Connect Festival: Music, massages and mud, glorious mud

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Kirstin Innes was among the 16,000 revellers who headed to Inveraray Castle for the first ever Connect music festival. She gives us the lowdown

Connect Festival, Inverarary Castle, Sunday. Festival gossip has it that Mike D from the Beastie Boys took a shine to the castle and challenged the Duke of Argyll to a duel. Jarvis Cocker is acclaimed as the best thing about Friday by fans still attempting to recreate his wild-limbed dancing, but people seem to have been less impressed with Primal Scream -- their set was described to me as ‘self-indulgent’ and ‘incoherent’. Everyone I speak to agrees that the line-up is fantastic, but there’s an odd desperation in the air, as if we all know we’ll never see all these bands in the same place again.

The Speakeasy tent is a terribly civilised place where attractive twenty and thirty-somethings read Sunday papers. Alan Bissett and Rodge Glass are reading from their novels; Jo Mango plays an acoustic set. A closer look, however, reveals that each and every one of them is caked in mud from the waist down. Because there is mud. There is epic, Glastonbury-style mud. It points to the tension at Connect’s core -- they’ve attempted to clean up the festival experience for older, middle class consumers, by offering spas, massages and food tents selling oysters and barbequed salmon rather than gristly burgers, but the muddy hedonism keeps threatening to seep through even this very well-behaved crowd.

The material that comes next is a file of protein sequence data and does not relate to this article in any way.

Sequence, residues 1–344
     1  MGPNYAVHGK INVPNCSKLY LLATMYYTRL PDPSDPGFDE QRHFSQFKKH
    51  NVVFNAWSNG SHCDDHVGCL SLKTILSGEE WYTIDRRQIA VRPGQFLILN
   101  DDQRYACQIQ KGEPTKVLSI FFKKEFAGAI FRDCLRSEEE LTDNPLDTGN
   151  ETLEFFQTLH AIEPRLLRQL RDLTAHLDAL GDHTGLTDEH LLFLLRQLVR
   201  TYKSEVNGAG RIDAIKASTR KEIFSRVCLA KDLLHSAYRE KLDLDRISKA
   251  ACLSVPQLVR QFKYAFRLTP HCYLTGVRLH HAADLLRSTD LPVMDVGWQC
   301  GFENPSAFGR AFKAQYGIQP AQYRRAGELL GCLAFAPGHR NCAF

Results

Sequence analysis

Wedged in the quagmire at the Your Sound new bands pagoda are El Padre, nu raved-up teenagers playing clever indie from two guitars and a laptop. Their fanbase are all about 16 and gorgeous, and dance up a storm in wellies, painting flowers on each others’ faces in mud. Predatory photographers appear from nowhere and begin circling them. ‘T in the Park!’ someone shouts. ‘Actually, this is a bowtick festival,’ says the lead singer, witheringly. At 4pm the age divide becomes apparent - Craig Armstrong for those born before 1975, Tilly and the Wall with their neon-legginged tap dancer for everyone else. It’s a pretty even split.

Regina Spektor arrives on the Oyster Stage with her grand piano. The grand scenery suits her full-throated singing. It might have taken the best part of the day, but the civilised façade has thoroughly shattered by the time MIA explodes all over the Oyster Stage with roars and squeaks and dubby beats, dragging as many people up as possible for a stage invasion which is swiftly quashed by security. Not many festivals have three female solo artists in a row headlining their main stage

Audience screams and a neon-clad all-girl brass band with flags poking out of their heads herald on the act that people have travelled from all over the UK for. Bjork is dressed somewhere between Kate Bush and a dip-dyed Snow White. Her never obvious set ranges from haunting wisps from her debut album to riotous techno. The crowd are whooping and beaming and dancing as she aims her laser cannon at the castle, gleeful and thoroughly Connect-ed

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